Sunday, April 26, 2015

Through a Dirty Window -  fastly
A High-speed Train Ride from Shenyang to Beijing

Through a Dirty Window - fastly
418 pages, 8 X 9 X 26"

The images in this book come from a late afternoon/early evening train journey in
December 2013. The distance between the two cities is 440 miles (705 kilometers). It took about four and a half hours. At peek speeds we approached 152 mph/h (245 km/h), which was during much of the beginning of the trip. As we approached Beijing, the train slowed down but went still faster then almost anything in the United States. When the track gets totally upgraded, the line will have a maximum design speed of 350 km/h, though regular services will operate around 200 to 300 km/h. Travel time between Shenyang and Beijing will be cut from the current 4 hours plus to just 2 hours and 17 minutes.

            During prior train trips in China I had made attempts to photograph through the windows with very limited success. Doing so is still quite a challenge. The windows may be smudgy and reflection presents problems . Not the least problem is traveling very fast-- “fastly,” which isn’t really a word but I love to use it anyway. This time I had a new Camera; a Canon 5D Mark III that worked wonderfully. It had a significant shutter speed and ISO improvements and capabilities over my old camera. The sun was beginning to set and I had limited control over which way to point the camera. I could only shoot images during the first half of the journey but had to quit when it finally got too dark. As the trip progressed, I had to keep upping the ISO until I maxed out at 24,000. The shutter speed was very high, starting at 1/600 sec then quickly increasing to 1/1250 sec. The pictures became progressively grainy and noisy in a very beautiful kind of a way. It was one of those very special kinds of “China Grey” winter days, the kind for which the country is becoming well known. Every once in a while the sun would come out of the grey and glow orange onto the landscape.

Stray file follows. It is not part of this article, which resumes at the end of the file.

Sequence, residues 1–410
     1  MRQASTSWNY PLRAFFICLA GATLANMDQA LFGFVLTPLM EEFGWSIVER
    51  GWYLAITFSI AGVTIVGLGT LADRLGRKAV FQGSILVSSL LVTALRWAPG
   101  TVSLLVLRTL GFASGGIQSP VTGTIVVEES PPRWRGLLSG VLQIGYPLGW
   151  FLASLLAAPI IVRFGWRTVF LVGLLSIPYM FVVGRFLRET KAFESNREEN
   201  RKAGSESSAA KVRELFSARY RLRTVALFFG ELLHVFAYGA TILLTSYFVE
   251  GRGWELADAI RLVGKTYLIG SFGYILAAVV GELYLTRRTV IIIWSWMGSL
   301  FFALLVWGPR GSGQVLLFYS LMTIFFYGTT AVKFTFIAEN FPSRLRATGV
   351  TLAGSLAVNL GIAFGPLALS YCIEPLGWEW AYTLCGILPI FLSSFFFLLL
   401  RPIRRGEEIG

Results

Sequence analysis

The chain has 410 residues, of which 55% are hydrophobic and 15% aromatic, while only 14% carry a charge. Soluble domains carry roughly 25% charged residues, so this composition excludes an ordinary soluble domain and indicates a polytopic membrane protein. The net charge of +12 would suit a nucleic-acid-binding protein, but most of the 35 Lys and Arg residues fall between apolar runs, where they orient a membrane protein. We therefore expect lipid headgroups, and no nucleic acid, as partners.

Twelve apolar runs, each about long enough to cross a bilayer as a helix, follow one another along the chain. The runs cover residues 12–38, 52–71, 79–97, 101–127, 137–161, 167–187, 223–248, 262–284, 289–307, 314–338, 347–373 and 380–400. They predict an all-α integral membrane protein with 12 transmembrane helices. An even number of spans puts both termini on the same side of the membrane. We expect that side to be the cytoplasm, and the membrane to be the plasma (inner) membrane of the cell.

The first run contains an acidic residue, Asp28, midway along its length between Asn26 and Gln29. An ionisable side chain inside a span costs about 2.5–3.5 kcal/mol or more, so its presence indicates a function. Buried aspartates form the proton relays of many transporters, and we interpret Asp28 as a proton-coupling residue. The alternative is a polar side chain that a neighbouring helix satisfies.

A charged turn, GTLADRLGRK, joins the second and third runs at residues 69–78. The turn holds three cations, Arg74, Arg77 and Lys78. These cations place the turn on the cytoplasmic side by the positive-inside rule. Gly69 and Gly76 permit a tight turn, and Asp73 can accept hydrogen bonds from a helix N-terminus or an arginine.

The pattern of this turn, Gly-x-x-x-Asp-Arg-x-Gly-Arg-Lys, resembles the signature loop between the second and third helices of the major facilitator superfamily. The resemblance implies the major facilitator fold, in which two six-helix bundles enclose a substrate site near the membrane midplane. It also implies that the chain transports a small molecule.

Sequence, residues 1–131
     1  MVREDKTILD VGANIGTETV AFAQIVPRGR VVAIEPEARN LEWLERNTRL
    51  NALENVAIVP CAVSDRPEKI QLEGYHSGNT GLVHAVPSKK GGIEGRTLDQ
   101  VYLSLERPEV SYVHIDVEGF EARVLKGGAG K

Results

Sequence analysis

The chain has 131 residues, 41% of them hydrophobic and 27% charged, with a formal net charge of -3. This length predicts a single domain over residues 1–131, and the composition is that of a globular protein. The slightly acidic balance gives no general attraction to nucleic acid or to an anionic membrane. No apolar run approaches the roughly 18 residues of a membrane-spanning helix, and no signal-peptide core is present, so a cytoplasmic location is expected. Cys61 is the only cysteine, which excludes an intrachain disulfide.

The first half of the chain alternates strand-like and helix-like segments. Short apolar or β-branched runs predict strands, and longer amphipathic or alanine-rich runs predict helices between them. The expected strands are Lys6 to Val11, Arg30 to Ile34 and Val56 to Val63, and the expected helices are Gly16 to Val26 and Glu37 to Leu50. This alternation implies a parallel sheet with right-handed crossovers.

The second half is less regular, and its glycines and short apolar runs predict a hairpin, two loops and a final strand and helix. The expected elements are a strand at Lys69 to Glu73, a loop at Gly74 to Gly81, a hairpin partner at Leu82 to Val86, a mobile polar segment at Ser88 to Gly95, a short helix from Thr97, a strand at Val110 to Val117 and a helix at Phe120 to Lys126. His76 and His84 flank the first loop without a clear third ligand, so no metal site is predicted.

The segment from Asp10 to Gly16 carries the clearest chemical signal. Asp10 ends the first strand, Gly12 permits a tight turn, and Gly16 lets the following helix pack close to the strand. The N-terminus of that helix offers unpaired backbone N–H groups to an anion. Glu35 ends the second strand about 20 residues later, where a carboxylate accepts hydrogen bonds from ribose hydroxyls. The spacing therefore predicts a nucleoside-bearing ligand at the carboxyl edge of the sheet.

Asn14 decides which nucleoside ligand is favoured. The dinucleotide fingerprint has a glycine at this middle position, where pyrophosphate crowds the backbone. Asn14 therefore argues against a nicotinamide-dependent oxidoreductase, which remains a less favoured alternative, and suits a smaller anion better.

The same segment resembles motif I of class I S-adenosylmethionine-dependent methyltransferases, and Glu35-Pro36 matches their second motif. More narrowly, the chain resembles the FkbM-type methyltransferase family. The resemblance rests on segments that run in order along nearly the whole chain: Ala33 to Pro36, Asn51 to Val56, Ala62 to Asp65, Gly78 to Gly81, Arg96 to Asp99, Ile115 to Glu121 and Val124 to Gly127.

I organized the pictures in triptychs as they happened sequentially. The title of each triptych notes the actual time the picture was taken. Sometimes there were many pictures taken in just one minute because the view of the landscape was changing so dramatically. I tried to concentrate more on the landscape, which I found to be so eerily beautiful. We passed by rice farms, cornfields and fish farms. We would go into and out of various sized villages and towns. The trees in the foreground  would often be blurred. Meanwhile, the landscape in the background would remain in sharper focus. The images evidenced a sense of motion as they spread across the page. The quality of the cropping would be sometimes arbitrary because of the way I could hold the camera to get the images. In the end that added an interesting dynamic to the project as the point of view made the sense of movement and the passing of time evident.

            I feel fortunate in capturing these pictures at that time. It was winter the lack of leaves on the trees opened up the view. I felt I captured a unique point in time and history. China is changing so rapidly that many things are disappearing. As more cottonwood trees get planted along the rails as environmental barriers, some of these views will be obscured in the future.

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